OUR VIEW: Is conference realignment good for college football?

Published 10:30 am Tuesday, August 8, 2023

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If you follow college football – and we’re guessing almost all of you do — then you know that game has changed more than any over the last few years.

From NIL money to the latest news of teams changing conferences, the landscape of collegiate sports has turned on its head recently. After the latest wave of realignment, it looks like the Pac 12 — the self-proclaimed conference of champions — is teetering on the verge of extinction, down to only four teams starting in 2024.

Meanwhile, the Big 12 — once considered left for dead — has revived itself, adding teams from around the country last year and now bringing in Arizona, Arizona State, Colorado and Utah. The Big Ten, once a Midwest-focused conference, now will have four teams from the west coast — USC, UCLA, Oregon and Washington.

Teams like Florida State are loudly voicing their displeasure at the financial disparity they see in the ACC compared to what teams in the SEC and Big Ten receive. It all comes down to TV money.

As we type this, only the ACC and SEC have really stayed true to their geographical landscape. The four former Pac 12 teams in the Big Ten will travel thousands of miles now. Can you imagine fans of Rutgers (it’s in New Jersey for those of you wondering) wanting to see the Scarlet Knights play Washington? It’s 2,853 miles, so we’re guessing driving is out of the equation. 

We also feel bad for the other sports impacted. Football is king and unfortunately dwarfs everything else. It’s possible that teams left out in the Pac 12 — California, Stanford, Washington State and Oregon State — will have to cut other sports as their athletic budgets shrink with less television money.

Also, traditional rivalries matter. And while few care in the south, it’s sad to see rivalries like the Apple Cup (Washington-Washington State) and the Oregon-Oregon State game (formerly called the Civil War) possibly end because of television money.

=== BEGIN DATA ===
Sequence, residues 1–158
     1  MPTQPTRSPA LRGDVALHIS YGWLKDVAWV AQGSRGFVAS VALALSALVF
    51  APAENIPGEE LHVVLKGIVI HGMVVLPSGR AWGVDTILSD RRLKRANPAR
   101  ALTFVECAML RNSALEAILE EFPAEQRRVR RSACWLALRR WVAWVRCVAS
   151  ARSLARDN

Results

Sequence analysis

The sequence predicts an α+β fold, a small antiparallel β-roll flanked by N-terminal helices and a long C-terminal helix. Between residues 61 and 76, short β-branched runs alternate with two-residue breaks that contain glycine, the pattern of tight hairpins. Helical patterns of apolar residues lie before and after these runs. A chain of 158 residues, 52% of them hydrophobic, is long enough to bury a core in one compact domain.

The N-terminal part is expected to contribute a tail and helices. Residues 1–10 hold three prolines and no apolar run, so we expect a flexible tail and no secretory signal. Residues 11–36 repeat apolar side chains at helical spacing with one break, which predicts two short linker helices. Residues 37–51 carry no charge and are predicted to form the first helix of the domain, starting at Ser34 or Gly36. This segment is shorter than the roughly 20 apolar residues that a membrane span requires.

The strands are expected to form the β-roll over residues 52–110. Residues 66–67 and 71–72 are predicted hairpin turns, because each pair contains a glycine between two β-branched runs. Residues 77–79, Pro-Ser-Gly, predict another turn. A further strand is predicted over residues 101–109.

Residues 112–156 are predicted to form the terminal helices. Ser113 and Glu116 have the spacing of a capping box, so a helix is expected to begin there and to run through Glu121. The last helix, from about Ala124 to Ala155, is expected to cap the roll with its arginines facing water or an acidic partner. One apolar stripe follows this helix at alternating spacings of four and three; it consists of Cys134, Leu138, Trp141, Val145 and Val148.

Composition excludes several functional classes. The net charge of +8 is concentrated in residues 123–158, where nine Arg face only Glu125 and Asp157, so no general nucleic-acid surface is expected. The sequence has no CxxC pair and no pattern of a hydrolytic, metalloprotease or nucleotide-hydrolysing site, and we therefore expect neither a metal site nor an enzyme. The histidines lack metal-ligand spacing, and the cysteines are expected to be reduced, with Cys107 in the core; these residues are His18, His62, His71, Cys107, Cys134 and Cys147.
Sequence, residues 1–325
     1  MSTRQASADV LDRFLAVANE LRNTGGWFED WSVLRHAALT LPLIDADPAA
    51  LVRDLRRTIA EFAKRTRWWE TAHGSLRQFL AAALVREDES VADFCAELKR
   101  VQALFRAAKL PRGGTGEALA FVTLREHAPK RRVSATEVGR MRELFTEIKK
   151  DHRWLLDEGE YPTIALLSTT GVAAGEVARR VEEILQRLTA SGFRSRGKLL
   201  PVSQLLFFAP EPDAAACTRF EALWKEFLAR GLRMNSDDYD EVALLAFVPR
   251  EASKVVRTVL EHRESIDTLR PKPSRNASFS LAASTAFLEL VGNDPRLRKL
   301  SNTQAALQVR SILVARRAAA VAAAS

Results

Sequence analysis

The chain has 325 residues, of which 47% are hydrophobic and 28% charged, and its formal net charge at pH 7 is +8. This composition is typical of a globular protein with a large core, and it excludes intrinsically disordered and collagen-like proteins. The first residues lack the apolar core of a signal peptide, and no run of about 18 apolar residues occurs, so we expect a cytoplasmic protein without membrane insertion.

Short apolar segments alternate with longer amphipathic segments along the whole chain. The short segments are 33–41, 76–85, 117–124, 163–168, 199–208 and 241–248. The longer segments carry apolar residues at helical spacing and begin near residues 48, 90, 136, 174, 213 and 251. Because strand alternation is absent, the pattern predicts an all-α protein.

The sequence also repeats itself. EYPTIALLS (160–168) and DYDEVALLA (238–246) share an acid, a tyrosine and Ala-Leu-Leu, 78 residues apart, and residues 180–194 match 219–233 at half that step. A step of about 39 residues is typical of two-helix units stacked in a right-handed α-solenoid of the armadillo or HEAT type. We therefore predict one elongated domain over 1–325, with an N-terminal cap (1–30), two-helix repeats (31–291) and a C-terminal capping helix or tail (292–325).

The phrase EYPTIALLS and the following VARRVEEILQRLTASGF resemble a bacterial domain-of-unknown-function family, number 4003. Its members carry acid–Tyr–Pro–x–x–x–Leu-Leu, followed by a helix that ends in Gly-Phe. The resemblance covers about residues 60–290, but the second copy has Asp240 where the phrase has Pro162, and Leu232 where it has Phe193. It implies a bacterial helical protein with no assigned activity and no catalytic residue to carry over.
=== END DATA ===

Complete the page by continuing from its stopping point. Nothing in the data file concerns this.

Imagine if Alabama and Auburn went separate directions. No Iron Bowl? Could you imagine?

We know college football hits different in the south than on the west coast, but those west coast rivalry games still matter and may not happen annually anymore.

Thankfully, the SEC has been largely untouched in this wave of realignment, with Oklahoma and Texas set to join the conference next year. However, we know SEC leadership is paying attention..

Does going beyond 16 makes sense, and if it does, will the SEC be able to keep geography in mind while also adding teams that will make a positive impact on the overall conference? 

The general consensus is that Florida State and Clemson would bring a lot on the field, but probably wouldn’t impact TV markets like North Carolina and Virginia do. 

And with no offense to those esteemed colleges, who have tremendous basketball programs, therein lies the entire issue with realignment. Even when it comes to football, right now UNC and UVA are reportedly more sought after than Florida State and Clemson, who have won 30% of the last 10 national championships. Neither the Tar Heels or Cavaliers have ever won a national title in football.

Make it make sense. 

Things are changing at a dizzying rate, and some of those changes are probably for the better. However, our heads are spinning trying to keep up, and frankly we’re worried about the future of a game we all love so much.